A Mum’s Story Of Bringing Home The Baby

Here’s a great blog post from a good friend of mine called Kerry. I am very conscious of two key facts. Firstly that I have both mums and dads reading my blog. Secondly that I am clearly focusing on parenting from a dads point of view (for obvious reasons!!).

So on reading a post at Cuddlecare I thought “it would be great to share a birthing story from a Mum” and luckily Kerry was happy with the idea. Below I’ve combined two of her posts into one, and I know Kerry will continue to tell her story on her blog.

What’s her blog about though? Kerry has started as a volunteer for Bliss, a charity for babies born premature or sick. The great thing about this particular blog is that it focuses on volunteering, and the benefits of volunteering both for the person doing the volunteering and of course for those on the receiving end. In short, sharing the love. Kerry is a great example of this in what she achieves with Bliss.

So, take a read here and check out her blog (on Facebook and Instagram too). By way of an intro to the posts as part of her volunteering she has started helping on a hospital unit following her Bliss training…


I have been in to the unit for a few weeks now.

Kerry and her family
Kerry and her family

My second visit was really positive – I felt so much more confident, just recognising a few faces and being able to sit and chat a bit longer to some of the mums. There are families who will have to spend quite some time on these units and it brought back memories of our experience as a family when our son was born.

He arrived as an emergency after a very long labour. I was very poorly and he required support to and as such we were separated. He was on the special care baby unit and I was on the ward, unable to transport myself to where he was. It was a confusing, emotional, exhausting, traumatic time. One thing you can never prepare for whenever you go into a hospital is that sense of feeling totally powerless. It’s like you get to the hospital door and any self assurance you have is secretly removed and you start to ask a doctor or nurse permission to do anything. The same is true when you have a child and everything is good. Imagine what it is like when things don’t quite go to plan.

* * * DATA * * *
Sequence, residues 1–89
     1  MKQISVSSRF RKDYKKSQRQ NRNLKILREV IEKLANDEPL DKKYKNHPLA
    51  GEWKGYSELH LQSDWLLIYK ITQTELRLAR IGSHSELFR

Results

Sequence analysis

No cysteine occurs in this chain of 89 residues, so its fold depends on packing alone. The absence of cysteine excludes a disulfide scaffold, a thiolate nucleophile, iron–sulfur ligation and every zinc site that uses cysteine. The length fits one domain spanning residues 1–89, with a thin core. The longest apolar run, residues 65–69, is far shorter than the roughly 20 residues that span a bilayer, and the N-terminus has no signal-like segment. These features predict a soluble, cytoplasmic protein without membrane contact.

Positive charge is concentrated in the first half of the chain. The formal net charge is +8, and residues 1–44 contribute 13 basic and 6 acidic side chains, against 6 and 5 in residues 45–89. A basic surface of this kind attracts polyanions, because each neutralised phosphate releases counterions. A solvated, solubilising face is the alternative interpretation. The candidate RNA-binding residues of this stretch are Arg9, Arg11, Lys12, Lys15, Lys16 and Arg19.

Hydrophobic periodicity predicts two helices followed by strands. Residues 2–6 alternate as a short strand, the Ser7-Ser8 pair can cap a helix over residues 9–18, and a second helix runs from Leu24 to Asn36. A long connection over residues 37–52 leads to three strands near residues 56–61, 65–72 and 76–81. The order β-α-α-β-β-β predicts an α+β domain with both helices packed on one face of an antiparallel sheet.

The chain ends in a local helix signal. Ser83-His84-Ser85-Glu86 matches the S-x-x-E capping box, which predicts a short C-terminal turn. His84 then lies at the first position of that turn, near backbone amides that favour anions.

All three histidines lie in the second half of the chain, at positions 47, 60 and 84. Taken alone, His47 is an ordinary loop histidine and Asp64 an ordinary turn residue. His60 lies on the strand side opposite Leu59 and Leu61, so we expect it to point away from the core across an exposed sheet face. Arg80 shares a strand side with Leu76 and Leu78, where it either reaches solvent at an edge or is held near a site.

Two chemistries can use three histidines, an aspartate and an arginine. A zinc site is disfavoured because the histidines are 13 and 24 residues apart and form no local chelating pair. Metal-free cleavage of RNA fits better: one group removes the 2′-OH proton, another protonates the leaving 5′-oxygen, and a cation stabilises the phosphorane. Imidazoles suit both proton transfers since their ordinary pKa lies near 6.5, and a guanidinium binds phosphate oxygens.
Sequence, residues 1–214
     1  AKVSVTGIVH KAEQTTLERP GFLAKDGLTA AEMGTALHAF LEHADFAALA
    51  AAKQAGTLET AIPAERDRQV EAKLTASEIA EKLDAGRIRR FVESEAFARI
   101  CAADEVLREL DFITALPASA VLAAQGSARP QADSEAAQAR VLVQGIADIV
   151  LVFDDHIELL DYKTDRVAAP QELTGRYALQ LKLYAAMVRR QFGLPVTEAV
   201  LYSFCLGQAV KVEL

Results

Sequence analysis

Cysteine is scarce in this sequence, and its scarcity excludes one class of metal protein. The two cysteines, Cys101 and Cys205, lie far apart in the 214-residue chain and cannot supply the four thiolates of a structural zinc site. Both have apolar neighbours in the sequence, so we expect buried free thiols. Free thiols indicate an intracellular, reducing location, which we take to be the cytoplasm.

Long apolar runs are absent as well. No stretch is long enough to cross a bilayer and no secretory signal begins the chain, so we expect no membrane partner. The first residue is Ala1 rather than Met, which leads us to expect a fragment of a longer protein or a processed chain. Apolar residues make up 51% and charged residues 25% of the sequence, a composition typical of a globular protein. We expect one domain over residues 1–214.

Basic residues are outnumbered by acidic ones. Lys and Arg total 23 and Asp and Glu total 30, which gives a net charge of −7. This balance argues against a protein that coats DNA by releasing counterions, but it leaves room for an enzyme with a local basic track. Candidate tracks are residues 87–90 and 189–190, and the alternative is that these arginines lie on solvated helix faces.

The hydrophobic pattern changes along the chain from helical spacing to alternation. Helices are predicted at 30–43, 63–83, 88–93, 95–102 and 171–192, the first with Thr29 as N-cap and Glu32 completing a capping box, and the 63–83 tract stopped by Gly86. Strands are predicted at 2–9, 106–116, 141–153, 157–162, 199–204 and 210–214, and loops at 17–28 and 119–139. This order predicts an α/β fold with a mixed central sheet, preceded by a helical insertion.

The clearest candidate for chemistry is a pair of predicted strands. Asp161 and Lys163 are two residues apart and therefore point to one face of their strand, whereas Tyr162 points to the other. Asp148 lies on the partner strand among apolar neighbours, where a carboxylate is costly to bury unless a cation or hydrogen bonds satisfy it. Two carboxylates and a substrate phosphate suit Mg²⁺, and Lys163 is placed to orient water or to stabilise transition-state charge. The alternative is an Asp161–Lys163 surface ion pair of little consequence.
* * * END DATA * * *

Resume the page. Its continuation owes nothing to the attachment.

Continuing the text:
Eventually I got on my feet, but had lost all confidence and felt the need to ask the nurses permission to feed and change my own child. The longer we spent in hospital the worse it got and the more frustrated and emotional I became. I felt anxious to ask some questions in case it meant we would have to stay longer, every day you are hanging on to every detail, every monitor reading, every blood test result, hoping that you will get sight of a day you can go home. It is a roller coaster of fear, pain, joy, frustration and hope. Your entire world is your baby and the hospital routine – of which you have no control of. You sit and look at pale blue walls for hours and wait for the next rounds.

And then you are told you can go home….. and the fear hits you…… you have become institutionalised, the freedom you have craved is now terrifying as you don’t have anyone to refer to or lean on or to reassure you that each little noise is ok or that they have fed enough or are warm enough…. it goes on and on.

I struggled when we got home, that is for another blog…..

So I have a little understanding of how some of these families are feeling and to be able to give them time to talk about whatever is on their mind is a real privilege.

The Double Edged Sword Of Going Home

Kerry and her family loving life!
Kerry and her family loving life!

I have had the joy, in the last few weeks of going onto the unit and familiar faces NOT being there as they have gone home! How fantastic – I am always so delighted for them – but I totally understand the anxiety that comes with.

Having spent time within the ‘safety’ of the hospital that we spent days wishing we could leave, we got home, initially elated and very quickly terrified. I was relieved to be in more comfortable surroundings, especially recovering from a traumatic birth which had ended in an emergency c-section, but we had become institutionalised and questioned EVERY decision we were trying to make. What time should we feed him? when did he last feed, when was he last changed, is he hot, is he cold, how long did he sleep, has he slept too long, he didn’t sleep this long in the hospital what did the nurse say about this and that, it went on and on and on.

I was torn between trying to enjoy every ‘magical’ moment and quick frankly being traumatised by our experience.  Wanting to gain back control, I wanted to do everything myself – quite honestly to my own detriment – I would not admit I needed more support both physically and mentally. We didn’t realise at the time but I was actually very poorly (I will talk about this in another blog)

Eventually we started to find our feet and relaxed into family life. I got better and we really started to enjoy our little boy – but that took me time. The pressure of being ‘the perfect mother’ was suffocating at times.

If I could give the new mother me, any advice it would be to accept all support, let your partner take up the slack, look after yourself and spend time when you first get home in your pjs resting and cuddling your new baby.

Hindsight is a wonderful thing – I got the chance to take my own advice when we had our second baby – wow what a different experience it was…… and I did all of the above x

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